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Bernanke Offers No Hint Fed Is Planning Further Easing

Federal Reserve Chairman Ben Bernanke offered no new hints Tuesday that the central bank is planning more easing, but he repeated his pledge that the Fed “is prepared to take further action as appropriate to promote a stronger economic recovery.”

Federal Reserve Board Chairman Ben Bernanke prepares to testify before the Senate Banking, Housing and Urban Affairs Committee on Capitol Hill.
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Federal Reserve Board Chairman Ben Bernanke prepares to testify before the Senate Banking, Housing and Urban Affairs Committee on Capitol Hill.

In prepared testimony before the Senate Banking Committee, Bernanke said economic uncertainty is increasing, mainly due to the European debt crisis and the looming “Fiscal Cliff” in the U.S.

“Risks to economic growth have increased,” he said, and “Europe’s financial markets and economy remain under significant stress.”

“Reduction in unemployment is likely to be frustratingly slow,” Bernanke said, but he said there were “modest signs of improvement in housing.”

Stocksquickly dropped after Bernanke's initial remarks, but turned slightly higher when he responded to the committee's questions about how to improve unemployment levels.

"The Fed stands ready to do more asset purchases when needed," he said. "Any actions would likely involve the [Fed's] balance sheet."

After these remarks, the Dow Jones Industrial Average , the S&P 500 , and the Nasdaq edged higher in choppy trading.

Investors had hoped Bernanke would signal another round of bond purchases, meant to push down long-term interest rates and encourage more borrowing and spending. The first two rounds of the Fed's bond purchases had triggered powerful rallies in the U.S. stock market.

Bernanke's testimony comes asjob growth has slumped and consumers have grown more cautious about spending. On a positive note, homebuilder sentiment has risen to a 5-year high.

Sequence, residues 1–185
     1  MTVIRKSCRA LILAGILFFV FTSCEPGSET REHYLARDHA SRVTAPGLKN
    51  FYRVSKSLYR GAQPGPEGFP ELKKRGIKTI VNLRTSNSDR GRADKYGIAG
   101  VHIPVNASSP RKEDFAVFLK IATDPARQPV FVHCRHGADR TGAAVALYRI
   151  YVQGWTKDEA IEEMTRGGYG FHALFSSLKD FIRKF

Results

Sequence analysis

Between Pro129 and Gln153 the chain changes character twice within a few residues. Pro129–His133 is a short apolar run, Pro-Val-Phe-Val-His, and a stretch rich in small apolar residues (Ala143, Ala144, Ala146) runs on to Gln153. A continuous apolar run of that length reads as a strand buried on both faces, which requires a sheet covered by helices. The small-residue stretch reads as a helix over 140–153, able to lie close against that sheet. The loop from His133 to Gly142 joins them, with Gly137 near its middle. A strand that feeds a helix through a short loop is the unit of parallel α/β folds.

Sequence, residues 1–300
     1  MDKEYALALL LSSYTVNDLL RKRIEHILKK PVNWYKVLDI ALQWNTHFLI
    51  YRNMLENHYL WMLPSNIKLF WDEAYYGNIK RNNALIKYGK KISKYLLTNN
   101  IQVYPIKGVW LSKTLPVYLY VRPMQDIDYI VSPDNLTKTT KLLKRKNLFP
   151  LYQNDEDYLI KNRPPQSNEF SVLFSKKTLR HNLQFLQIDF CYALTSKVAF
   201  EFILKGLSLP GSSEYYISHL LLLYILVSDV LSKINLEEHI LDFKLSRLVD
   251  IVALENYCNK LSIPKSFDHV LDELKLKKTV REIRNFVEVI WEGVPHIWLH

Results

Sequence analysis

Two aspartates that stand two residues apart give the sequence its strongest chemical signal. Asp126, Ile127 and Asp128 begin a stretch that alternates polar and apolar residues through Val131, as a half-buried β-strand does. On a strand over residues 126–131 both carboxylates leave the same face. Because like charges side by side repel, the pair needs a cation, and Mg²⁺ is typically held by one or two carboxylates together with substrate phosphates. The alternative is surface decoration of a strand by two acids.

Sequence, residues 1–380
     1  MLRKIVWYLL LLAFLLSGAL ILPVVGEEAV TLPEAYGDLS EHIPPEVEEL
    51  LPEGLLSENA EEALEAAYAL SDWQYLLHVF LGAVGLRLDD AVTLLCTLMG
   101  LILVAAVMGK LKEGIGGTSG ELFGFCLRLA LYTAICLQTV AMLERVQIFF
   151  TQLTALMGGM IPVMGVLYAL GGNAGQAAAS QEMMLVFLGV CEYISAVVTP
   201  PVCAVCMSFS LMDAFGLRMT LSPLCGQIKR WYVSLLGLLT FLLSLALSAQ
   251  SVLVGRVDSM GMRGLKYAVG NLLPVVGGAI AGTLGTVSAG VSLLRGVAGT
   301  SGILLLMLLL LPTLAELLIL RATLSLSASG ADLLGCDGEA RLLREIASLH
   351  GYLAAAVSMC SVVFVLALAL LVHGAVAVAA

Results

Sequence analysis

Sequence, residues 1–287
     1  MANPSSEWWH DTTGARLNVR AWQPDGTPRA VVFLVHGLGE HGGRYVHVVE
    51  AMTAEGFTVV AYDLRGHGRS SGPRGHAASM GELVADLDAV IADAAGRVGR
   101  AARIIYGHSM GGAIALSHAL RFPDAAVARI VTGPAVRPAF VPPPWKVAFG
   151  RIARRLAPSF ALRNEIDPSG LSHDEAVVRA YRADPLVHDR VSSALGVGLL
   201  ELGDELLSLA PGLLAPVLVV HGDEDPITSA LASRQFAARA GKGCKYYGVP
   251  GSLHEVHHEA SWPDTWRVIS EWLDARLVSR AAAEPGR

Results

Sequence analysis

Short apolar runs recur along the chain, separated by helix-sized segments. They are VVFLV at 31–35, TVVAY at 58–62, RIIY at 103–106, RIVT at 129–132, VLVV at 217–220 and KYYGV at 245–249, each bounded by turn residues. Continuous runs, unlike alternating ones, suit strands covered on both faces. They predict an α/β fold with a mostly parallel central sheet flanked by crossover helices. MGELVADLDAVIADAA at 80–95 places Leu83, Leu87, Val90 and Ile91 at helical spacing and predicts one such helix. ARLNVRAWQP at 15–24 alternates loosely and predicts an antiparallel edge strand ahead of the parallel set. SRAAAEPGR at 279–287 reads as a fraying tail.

Bernanke acknowledged these developments noting that the economy, after growing at an annual rate of 2.5 percent in the second half of 2011, slowed to roughly 2 percent in the first three months of this year — and likely slowed further in the April-June period.

This slow economic growth prompted Senator Charles Schumer (D-NY) to grill Bernanke on the looming "fiscal cliff" — when a host of tax cuts expire and automatic spending cuts are set to kick in at the end of the year.

Schumer said Congress was powerless to reverse the economic slowdown — and mitigate the fiscal cliff — but that the Federal Reserve should work to do so.

"The Fed is the only game in town," said Schumer before adding, "Get to work Mr. Chairman."

While Bernanke did not engage futher in debate with Schumer, he did directly address the interest rate fixing scandalfacing banks and regulators.

There was, he said, a "substantial response" by the New York Fed to inform appropriate authorities about European banks' susceptibilty to submit false rates — in an attempt to manipulate the London InterBank Offered Rate (LIBOR).
Bernanke also called Libor's interest rate-setting system "structurally flawed," and that it is "undermining confidence in markets." He did not, however, answer why the Fed did not make its recommendations to authorities more public back in 2008.

Apart from Tuesday's testimony, minutes of the June meeting show that Fed officials were open to taking further action — but were divided over whether the economy needs help now.

Since then, the government has reported that job growth slowed sharply in the April-June quarter — to 75,000 a month from 226,000 a month from January through March. The unemployment rate stayed at 8.2 percent last month.

Bernanke will give testimony again on Wednesday to the House Financial Services Committee.

The Associated Press contributed to this report.

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